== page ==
This is about why we suffer so much disappointment when matters before the Court or before the Tribunal or even application brought for decision before the Department of Home Affairs (DHA) or such other department fail. Generally, each delegate or decision maker apply the law accordingly.
It is interesting to know that there is abuse of power in making the decision. This is causing the disappointment when these people with authority misuse their power and most of the victims are helpless and have no option at all to continue.
In Jay Rone Bonifacio before the Administrative Appeals Tribunal (AAT), the applicant was charged with sexual assault and was sentenced to three months imprisonment. He served it and whilst serving his sentence, his visa was eventually cancelled on character ground even before he was found guilty under section 501 of the Migration Act (1958) (‘the Act).
During the hearing, there was a certificate issued as to the manner for which he was arrested and detained at the DHA premises. There were issues too— if the employer would continue to hire him knowing the decision on his criminal matter and if this was compelling and compassionate ground to allow his cancelled visa restored.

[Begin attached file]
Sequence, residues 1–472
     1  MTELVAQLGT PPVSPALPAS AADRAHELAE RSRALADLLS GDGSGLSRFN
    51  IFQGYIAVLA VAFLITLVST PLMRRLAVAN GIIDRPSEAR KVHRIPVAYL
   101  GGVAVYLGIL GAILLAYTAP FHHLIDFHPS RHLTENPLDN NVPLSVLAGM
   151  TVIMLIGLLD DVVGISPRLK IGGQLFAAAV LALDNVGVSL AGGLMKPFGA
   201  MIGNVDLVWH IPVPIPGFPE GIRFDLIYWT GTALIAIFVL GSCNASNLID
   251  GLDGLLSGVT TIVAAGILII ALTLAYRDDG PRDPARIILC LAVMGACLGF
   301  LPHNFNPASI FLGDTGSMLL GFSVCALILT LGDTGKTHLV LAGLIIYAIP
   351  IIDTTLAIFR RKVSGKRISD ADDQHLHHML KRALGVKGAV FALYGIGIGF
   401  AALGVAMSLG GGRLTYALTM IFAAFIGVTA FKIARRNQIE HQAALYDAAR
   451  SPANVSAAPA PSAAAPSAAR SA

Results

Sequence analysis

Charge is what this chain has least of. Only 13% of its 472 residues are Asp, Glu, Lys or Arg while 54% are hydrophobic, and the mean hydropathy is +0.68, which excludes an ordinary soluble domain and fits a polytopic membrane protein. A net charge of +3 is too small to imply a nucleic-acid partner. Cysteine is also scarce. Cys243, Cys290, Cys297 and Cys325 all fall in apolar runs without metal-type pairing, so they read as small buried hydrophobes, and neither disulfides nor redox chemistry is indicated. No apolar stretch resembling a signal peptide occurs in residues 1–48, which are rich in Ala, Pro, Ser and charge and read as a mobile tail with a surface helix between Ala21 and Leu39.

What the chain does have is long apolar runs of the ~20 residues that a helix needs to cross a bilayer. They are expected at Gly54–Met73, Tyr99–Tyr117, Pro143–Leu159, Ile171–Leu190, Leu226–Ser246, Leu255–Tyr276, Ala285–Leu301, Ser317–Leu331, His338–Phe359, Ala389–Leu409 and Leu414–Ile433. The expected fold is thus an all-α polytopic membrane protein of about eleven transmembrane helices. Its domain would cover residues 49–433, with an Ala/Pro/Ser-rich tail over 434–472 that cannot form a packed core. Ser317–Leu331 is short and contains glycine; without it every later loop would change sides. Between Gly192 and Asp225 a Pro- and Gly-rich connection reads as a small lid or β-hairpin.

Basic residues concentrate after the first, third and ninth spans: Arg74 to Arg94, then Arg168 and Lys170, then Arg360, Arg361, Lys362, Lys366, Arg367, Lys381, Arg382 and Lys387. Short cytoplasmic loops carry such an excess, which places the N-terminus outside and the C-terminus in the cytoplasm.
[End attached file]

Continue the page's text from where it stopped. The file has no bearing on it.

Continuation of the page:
Purported conduct of the applicant
We demanded under the Act for the production of CCTV video during his arrest or detention in which the certificate was issued. The demand was in writing and found with the file. The member did not act instead, he did not make it as an issue as this could have added to applicant’s misbehavior during his custody. This was not acted.
Employer support or not
The member in his last attempt to find out the truth issued a request to see if the employer for whom he was working will allow him to continue working knowing that he pleaded guilty to the crime charged and served a three-month sentence.
The employer whom he was working for one year continued to support him and agreed to hire him again claiming that due to its urgent need for such skill with his job, they needed him. This was not resolved in the applicant’s favour.
We argued that there is compelling ground to allow him to return to work due to acute needs in the auto industry and it is in the public interest to do so. This was not favourably acted, too.
The member refused the application and the only recourse is for us to file an application for review in Court. But how do we expect a person to make a further application when he could not even support his family overseas?
Where will he get the money to pay his expenses and his court fees? A complaint was filed against the member of the AAT and was investigated, but the decision was not disclosed due to privacy. But the applicant was removed and sent back to the Philippines.
The case failed because the member did not do what he needed to do properly.
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